The Garage Gym Warrior
by Travis Stoetzel
Finding yourself short on time when it comes to getting in a solid training session?
As a husband, new dad, and owner of multiple businesses, I can tell you all about it first hand.
With time being so precious, it can be tough to find a good hour or so to set aside to devote to hitting up an intense training session, but it's all about making it a PRIORITY.
Everyone is “busy” but it’s the hard charging warriors that actually MAKE the time to train that actually get the results they want.
However, if you’re looking to maximize the effort you put into your training, just fitting in any type of workout here or there isn’t going to be the answer.
The big trend that’s been hitting the fitness world as of late has been that of “HIIT” workouts or short, circuit style training sessions. These are noting new, but they’ve come back with a vengeance as of late and are certainly becoming more mainstream than ever.
When you only have 30 minutes or less to train, these types of fast hitting sessions are perfect. While these HIIT style workouts are great for shredding off body fat and getting you into awesome overall condition, a few things these “HIIT” style workouts miss out on is that of helping you get stronger and more powerful.
YES, getting lean is a good thing (especially when your main goal is to lose weight), but what about strength? What about power?
Do you want to be weak and skinny or do you want to be ripped up, powerful, and strong?
If I’m going to look good, I want to feel good and be able to perform just as well so I know which one I want to be, but it’s your call.
My guess is that you not only want to look good, but you also want to be able to perform at a high level as well.
Am I right?
Either way, in this short article I want to share with you a few of the ways I implement strength and power work into short, 24 minute or less workouts that will not only help you get leaner up (you’ll get ripped IF you follow proper nutrition protocol), but they will also help you become more explosive and stronger.
To start off, we need to think about how to organize these training sessions when we only have 30 minutes or less to train…
If your focus is to get stronger and more explosive (while also getting ripped), the #1 thing you want to do first is to start off with an explosive, POWER based movement.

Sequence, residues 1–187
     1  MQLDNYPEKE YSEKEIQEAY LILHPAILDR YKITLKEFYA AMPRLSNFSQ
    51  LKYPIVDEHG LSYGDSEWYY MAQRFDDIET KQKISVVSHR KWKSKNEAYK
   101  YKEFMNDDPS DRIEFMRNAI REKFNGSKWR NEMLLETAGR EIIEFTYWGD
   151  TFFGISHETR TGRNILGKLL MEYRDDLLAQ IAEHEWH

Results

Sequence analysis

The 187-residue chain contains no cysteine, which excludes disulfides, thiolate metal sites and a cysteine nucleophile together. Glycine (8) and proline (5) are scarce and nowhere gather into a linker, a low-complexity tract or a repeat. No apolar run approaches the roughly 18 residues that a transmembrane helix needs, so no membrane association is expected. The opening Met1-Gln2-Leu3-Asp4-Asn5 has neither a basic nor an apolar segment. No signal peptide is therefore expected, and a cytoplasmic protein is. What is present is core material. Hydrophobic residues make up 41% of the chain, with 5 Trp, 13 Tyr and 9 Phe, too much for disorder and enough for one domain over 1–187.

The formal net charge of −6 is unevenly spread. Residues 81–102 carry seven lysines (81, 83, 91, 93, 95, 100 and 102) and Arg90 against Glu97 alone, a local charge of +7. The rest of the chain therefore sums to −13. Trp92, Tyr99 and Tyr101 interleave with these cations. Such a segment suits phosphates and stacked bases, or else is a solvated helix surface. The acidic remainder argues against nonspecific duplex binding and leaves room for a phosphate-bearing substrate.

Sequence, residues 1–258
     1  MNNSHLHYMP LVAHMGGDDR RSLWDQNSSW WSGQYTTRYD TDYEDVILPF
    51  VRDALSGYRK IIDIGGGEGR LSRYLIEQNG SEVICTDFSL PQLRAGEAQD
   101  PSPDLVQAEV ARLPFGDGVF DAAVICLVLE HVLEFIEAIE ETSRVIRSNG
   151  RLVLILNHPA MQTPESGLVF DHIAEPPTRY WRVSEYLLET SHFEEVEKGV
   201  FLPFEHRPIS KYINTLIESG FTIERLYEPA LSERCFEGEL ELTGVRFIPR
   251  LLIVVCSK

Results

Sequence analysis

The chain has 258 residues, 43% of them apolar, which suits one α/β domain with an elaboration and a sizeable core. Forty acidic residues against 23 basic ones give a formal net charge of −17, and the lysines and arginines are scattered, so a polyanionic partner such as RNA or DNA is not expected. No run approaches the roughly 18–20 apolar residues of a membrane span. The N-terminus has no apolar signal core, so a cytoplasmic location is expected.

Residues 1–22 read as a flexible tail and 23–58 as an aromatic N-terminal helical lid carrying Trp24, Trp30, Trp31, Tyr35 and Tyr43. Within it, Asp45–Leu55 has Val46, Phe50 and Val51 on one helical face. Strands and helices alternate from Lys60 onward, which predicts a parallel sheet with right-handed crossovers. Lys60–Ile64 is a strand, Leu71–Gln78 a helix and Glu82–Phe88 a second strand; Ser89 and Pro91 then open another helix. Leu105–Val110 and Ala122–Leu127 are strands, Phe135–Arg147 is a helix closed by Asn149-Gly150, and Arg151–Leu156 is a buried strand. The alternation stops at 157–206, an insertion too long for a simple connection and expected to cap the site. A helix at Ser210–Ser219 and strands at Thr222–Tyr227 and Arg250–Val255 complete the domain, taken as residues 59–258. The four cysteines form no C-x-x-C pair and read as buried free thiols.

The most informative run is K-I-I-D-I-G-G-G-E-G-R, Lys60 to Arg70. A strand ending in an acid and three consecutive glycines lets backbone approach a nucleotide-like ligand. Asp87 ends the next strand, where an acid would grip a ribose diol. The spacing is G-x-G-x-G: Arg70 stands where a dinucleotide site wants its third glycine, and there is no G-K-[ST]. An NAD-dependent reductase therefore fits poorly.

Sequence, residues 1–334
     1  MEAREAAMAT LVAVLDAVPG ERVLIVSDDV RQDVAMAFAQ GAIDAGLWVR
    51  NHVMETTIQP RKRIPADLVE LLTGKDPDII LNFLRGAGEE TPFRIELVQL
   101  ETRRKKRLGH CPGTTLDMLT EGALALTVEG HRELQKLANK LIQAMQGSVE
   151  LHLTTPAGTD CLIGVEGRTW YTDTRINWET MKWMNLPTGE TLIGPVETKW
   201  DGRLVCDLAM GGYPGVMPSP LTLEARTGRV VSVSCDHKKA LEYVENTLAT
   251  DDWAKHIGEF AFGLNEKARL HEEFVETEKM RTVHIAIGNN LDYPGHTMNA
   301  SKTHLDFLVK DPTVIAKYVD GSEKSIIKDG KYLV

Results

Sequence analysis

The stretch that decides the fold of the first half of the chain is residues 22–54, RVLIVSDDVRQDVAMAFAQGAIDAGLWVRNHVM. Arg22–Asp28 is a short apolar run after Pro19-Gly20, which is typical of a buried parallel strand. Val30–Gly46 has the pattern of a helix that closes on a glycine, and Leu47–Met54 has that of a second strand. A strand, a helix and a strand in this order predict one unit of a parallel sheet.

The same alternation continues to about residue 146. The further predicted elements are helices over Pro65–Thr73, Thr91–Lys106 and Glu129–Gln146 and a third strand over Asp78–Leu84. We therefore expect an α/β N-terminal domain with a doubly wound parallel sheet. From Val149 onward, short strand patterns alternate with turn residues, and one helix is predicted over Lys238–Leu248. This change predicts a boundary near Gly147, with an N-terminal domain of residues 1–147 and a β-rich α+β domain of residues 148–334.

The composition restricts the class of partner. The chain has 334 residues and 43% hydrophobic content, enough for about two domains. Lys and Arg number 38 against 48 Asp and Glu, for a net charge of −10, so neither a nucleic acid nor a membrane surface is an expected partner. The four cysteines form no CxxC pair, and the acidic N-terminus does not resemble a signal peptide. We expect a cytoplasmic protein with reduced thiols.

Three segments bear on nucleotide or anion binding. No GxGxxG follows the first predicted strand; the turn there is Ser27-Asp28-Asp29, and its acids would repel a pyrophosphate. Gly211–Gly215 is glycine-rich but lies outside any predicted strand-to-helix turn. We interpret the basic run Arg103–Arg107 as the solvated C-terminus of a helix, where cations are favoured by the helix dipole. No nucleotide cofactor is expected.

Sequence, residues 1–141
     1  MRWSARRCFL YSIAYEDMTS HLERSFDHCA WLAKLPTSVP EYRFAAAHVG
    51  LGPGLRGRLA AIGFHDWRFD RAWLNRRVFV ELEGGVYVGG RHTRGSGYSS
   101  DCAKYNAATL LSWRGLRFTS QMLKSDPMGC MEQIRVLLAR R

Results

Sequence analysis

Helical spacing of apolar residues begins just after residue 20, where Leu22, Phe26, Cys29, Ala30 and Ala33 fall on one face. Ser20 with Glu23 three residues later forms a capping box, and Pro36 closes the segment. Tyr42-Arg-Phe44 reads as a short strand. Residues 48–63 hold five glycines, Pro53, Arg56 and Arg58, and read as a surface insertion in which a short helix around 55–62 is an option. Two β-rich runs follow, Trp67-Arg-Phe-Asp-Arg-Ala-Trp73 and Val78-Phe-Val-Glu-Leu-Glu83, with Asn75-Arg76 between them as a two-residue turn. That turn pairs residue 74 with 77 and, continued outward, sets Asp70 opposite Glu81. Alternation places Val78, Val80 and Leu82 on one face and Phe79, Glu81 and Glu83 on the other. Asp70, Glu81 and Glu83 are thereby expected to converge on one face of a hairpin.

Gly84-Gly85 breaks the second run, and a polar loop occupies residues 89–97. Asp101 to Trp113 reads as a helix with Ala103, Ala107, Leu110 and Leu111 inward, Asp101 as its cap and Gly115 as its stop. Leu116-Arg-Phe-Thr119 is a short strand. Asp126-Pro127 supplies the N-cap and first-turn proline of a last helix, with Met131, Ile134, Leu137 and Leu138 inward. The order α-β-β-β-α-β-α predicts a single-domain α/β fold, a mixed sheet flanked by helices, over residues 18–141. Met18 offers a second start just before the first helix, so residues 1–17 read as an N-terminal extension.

The reason we start a session off with a high-speed, power-based movement is so you can make sure you’re able to move with as much speed and explosiveness as possible.
We don’t want to train power when we're fatigued and run down at the end of a workout. You'll end up moving your body or the weights SLOWLY. Train slow and you will be slow. If you’re going to train for power, you want to be able to move at 100% effort and explosiveness.
Think about it…
When you get tired, you slow down. When you slow down, the amount of overall INTENSITY you’ll be able to put into your power movements will decrease, thus resulting in less effort being put into your power movements.
It’s sort of like saying your going to do sprints, but end up doing a hard jog instead.
It’s just NOT going to yield you the same results.
Note from Zach: This sounds like common sense but I get daily e mails from people asking questions like this. I believe the overabundance of info as well as a bombardment of fads and gimmicks is confusing countless people.
So, what are some of my favorite movement to use at the beginning of a training session for speed and power development?
I prefer jumps and various forms of plyometrics, Olympic based movements using kettlebells or dumbbells such as snatches, cleans, and swings.
For example, within the sample workout I supply for you below, I start the session off with a “step vertical jump” which has progressions to it that can be used to help either increase difficulty or decrease it based off of your fitness level.
Bottom line is to move with 100% effort each rep so the overall reps used within the workout below are kept pretty low at 2 per set. If you go above that, your intensity might fall a bit.
Now, while this might seem “easy”, just note that when you’re training for pure power, your goal is NOT to absolutely destroy yourself. Just don’t don’t be so quick to think you have to breathe and gasp for air in order to get results or have a successful workout. That’s NOT the focus here.